If BTC was a state, it would be ranked among the top 30 electricity consumers globally. This raises concerns among both governments and environment activists.
As per the data by Cambridge University, Bitcoin alone uses more electricity than an entire country like Argentina (121 TWh), UAE (113.2 TWh), Netherlands (108.8 TWh), and many others. The mining involves heavy activities (such as computer calculations to verify transactions) that need heavy machines to be executed and these machines also require much electricity to operate.
Now, Cambridge researchers discovered that Bitcoin consumes about 121.36 terawatt-hours (TWh) annually. The figure is not likely to drop unless the price of BTC/USD plummets, for the higher the price of Bitcoin, the higher the power consumption.
Most governments are starting to restrict miners citing a high consumption of electricity to conduct cryptocurrency mining. Some of the countries that have complained about high power consumption in bitcoin mining include the Inner Mongolia.
The government of Inner Mongolia has tasked authorities to suspend the establishment of new crypto asset mining projects. The government has also gone ahead to warn that existing crypto mining farms will be closed by the end of next month (April), which is in the context of a campaign to achieve energy-saving goals related with China’s 14th 5-year plan.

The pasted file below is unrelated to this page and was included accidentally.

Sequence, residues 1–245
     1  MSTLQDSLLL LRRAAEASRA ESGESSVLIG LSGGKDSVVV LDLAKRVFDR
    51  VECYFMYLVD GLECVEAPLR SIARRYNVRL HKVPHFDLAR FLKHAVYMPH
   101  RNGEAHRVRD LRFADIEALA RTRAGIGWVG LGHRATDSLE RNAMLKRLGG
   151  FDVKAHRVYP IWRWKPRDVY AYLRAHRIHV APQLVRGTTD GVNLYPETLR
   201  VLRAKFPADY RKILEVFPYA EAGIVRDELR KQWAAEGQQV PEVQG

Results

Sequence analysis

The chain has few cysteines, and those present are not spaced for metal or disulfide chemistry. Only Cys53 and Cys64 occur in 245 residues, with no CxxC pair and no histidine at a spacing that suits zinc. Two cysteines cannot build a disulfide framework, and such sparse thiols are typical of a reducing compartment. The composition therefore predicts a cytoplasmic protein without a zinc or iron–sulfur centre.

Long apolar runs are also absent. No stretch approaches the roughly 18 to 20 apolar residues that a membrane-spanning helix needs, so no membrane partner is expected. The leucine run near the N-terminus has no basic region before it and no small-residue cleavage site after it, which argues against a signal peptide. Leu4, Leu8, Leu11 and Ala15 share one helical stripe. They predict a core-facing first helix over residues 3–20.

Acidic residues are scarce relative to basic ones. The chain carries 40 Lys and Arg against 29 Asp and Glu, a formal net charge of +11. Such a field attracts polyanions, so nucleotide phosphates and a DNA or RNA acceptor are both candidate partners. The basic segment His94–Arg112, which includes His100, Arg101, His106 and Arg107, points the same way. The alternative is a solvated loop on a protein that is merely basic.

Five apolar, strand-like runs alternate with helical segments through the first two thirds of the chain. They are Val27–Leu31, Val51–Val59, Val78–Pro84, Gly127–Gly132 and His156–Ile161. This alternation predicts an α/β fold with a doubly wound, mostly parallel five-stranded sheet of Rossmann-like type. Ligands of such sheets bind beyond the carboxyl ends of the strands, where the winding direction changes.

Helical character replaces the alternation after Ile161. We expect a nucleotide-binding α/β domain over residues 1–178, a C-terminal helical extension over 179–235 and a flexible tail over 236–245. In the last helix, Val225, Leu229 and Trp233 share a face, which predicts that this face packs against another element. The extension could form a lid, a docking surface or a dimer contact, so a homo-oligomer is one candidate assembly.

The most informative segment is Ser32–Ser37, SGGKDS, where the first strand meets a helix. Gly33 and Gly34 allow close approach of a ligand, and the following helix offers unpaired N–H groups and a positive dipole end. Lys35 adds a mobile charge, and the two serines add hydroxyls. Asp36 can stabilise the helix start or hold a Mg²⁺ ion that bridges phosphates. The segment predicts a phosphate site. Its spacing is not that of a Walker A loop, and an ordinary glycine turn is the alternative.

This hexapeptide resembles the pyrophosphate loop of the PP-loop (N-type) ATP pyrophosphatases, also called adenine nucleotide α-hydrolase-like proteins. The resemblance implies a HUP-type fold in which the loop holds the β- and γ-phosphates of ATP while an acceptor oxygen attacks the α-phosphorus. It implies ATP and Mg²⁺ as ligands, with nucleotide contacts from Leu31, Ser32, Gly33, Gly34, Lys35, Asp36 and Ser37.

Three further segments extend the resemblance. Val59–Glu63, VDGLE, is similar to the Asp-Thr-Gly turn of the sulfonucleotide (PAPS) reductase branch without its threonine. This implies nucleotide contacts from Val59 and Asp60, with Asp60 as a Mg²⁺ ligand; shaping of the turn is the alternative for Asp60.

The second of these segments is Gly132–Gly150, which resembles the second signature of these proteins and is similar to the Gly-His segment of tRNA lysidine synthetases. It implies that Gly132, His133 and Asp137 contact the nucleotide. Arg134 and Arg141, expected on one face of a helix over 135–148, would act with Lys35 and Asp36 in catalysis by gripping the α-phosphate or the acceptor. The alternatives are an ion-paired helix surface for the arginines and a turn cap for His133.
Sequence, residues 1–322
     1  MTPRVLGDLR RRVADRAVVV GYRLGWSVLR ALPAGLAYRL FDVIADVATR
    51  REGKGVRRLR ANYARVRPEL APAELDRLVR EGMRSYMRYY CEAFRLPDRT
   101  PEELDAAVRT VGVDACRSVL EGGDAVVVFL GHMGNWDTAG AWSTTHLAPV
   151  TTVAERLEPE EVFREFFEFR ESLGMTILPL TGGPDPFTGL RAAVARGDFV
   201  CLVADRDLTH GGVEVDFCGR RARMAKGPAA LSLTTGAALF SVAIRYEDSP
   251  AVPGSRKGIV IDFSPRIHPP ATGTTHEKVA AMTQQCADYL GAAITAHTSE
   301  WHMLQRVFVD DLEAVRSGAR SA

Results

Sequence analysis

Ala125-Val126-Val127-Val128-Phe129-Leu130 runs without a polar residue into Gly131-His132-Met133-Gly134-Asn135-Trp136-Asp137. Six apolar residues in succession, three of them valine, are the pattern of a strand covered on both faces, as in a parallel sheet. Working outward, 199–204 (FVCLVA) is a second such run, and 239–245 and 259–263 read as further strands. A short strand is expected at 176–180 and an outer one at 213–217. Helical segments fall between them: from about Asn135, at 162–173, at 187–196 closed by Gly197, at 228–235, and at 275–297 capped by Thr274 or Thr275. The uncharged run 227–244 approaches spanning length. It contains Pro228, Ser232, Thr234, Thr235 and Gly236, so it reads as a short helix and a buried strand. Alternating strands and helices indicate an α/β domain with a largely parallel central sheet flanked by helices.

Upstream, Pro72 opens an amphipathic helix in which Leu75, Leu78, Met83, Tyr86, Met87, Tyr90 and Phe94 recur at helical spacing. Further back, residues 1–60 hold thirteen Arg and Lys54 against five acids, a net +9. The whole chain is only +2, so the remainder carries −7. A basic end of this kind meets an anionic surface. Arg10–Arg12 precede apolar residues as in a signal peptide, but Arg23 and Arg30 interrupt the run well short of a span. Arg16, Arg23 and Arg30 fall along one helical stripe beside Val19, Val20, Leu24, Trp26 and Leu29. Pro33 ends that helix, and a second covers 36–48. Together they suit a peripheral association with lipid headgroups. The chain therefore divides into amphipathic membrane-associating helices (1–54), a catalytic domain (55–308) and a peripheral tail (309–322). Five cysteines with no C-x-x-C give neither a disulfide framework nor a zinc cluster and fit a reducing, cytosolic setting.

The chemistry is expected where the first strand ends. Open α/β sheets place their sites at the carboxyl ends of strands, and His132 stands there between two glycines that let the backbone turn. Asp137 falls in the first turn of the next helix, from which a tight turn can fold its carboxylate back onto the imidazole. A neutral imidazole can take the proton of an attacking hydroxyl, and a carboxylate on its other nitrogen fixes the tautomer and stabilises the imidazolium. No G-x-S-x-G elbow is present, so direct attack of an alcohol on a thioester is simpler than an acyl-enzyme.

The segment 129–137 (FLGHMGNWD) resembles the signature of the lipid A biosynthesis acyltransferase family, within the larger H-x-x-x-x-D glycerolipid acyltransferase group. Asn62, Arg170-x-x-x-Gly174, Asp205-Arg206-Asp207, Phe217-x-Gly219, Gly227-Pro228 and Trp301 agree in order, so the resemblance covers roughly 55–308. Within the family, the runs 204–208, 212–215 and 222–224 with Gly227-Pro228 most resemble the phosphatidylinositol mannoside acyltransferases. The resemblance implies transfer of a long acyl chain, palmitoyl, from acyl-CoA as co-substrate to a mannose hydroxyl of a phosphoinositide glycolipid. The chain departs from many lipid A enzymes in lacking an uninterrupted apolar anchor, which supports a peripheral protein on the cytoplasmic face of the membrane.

HEP providers including Franklin Public Utility District (PUD) have also taken actions against miners. PUD suspended the supply of electricity to miners in Franklin, United States, as per the report by CoinIdol, a world blockchain news outlet.
Also several government officials including Janet Yellen, US Secretary of Treasury, have started to criticize cryptocurrency mining activities on many grounds. For instance, they claim that crypto-mining malware can be used to impair system performance which is a threat to end users, companies and businesses since their data can be stolen, hijacked or compromised. These turning compromised machines can be turned into zombies as cryptocurrency mining malware can accidentally make its victims to be part of the problem.
There are many cheap electricity alternatives miners can use to mine cryptocurrency. Miners should think of renewable energy sources such as solar energy, geothermal energy, tidal energy, wind energy and biomass energy.
For instance, small-scale biomass electric plants in the United States installed costs of $3k to $4k per kW, and their levelized cost of energy (LCOE) is at about $0.15 per kWh. The average price people in Hawaii pays about 0.3443 per KWh, in Germany pays for electricity at around $0.38 USD per kilowatt-hour plus VAT.
This means that a miner in Hawaii and German would have saved up to $0.1943 and $0.23, respectively, if he or she was using biomass. This is simple mathematics, for anyone to profit from a business, the operating costs must be low and so should Bitcoin mining.